Renewed development assistance, and a firm commitment for continued funding and support for the Afghan National Security Forces (ANSF) was the second item on President Ghani’s agenda. In his speech to the joint session of Congress, he emphasized the security challenges to persuade U.S. lawmakers for continued approval of funding for ANSF through 2017. He also secured the New Development Partnership, under which the U.S. government has announced to make up to $800 million available to the initiative to support President Ghani’s program of transition to self-reliance, linking it to specific reforms in combating corruption, promoting rule of law, strengthening women’s rights, and enhancing private sector growth
So the president has had a good start with his effort to revive and improve relations with Washington, which is fundamental for his smooth transition plan and vision for regional integration.
How do you view Afghanistan-Pakistan relations?
Since President Ghani’s came to office, one of the major foreign policy shifts in Kabul has been toward Pakistan. Aiming at a fundamental transformation of mutual Afghan-Pak relations, President Ghani’s objective is to persuade Pakistan to deny sanctuary to the Taliban leadership and push them to negotiate with the Afghan government. There has been a rush of positive gestures between Kabul and Islamabad. However, both sides are in fact playing the game of maximizing short-term gains by leaving fundamental issues such as the Durand Line and water resource management untouched. Pakistan’s priority is to deal with its internal security threats from the Pakistani Taliban factions. Islamabad has yet to deliver any significant step forward, given its ability to persuade and push Taliban leadership for a peace settlement with Kabul. President Ghani needs to set a firm deadline on this.
For a lasting outcome, both sides have to start a broad discussion on fundamental issues and cooperation between Afghanistan and Pakistan that can bring stability and prosperity for the region.
How do you see the efforts of the Afghan government to engage the Taliban in peace talks?
Negotiations with the Taliban have been a top priority for President Ghani, as it was for his predecessor Karzai. His major shift towards rapprochement with Pakistan is aimed at a successful settlement with the Taliban, a strategy that was once followed by Karzai too, to no avail. The success of talks will largely depend on how sincerely Pakistan uses its influence to push Taliban leadership for a settlement and deny them sanctuary, and for that, how far President Ghani can go to meet Islamabad’s demands in return. Even if the Taliban leadership or a major faction does eventually start official negotiations, which is likely, there will still be groups who will rebel against the decision and continue fighting. However, it will be a major breakthrough if Taliban leader Mullah Omar approves of official talks with the National Unity Government, and there will be greater political will and popular support in dealing militarily with militants who continue fighting.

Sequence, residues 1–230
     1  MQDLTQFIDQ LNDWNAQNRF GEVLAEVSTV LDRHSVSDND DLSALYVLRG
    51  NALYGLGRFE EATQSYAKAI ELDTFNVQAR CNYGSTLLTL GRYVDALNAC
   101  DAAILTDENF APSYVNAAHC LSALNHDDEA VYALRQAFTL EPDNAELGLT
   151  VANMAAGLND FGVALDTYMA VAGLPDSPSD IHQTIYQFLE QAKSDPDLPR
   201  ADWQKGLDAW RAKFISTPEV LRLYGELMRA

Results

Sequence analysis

Is the Islamic State gaining a foothold in Afghanistan?
Afghan officials have confirmed that some Taliban commanders who had earlier announced allegiance to the Islamic State are making recruitment efforts. A group of Islamic Movement of Uzbekistan fighters have also pledged allegiance to Abu Bakr Al-Baghdadi. An IS affiliated group of former Taliban commanders was behind the targeted kidnapping of 30 Hazara Shiite passengers in Zabul province.
In his speech to Congress, President Ghani clearly warned of the serious threat of IS making inroads in Afghanistan as part of their mythical narrative.
After the Pakistan Army launched its operations in Waziristan, hundreds of Arab and Central Asian Jihadis flocked into Afghanistan. Those international terrorists and Taliban militants disenchanted with their leadership are fertile recruitment targets for the Islamic State. They might also aim to infiltrate and influence radical fundamentalist but non-violent groups active across Afghanistan in charity and religious education services.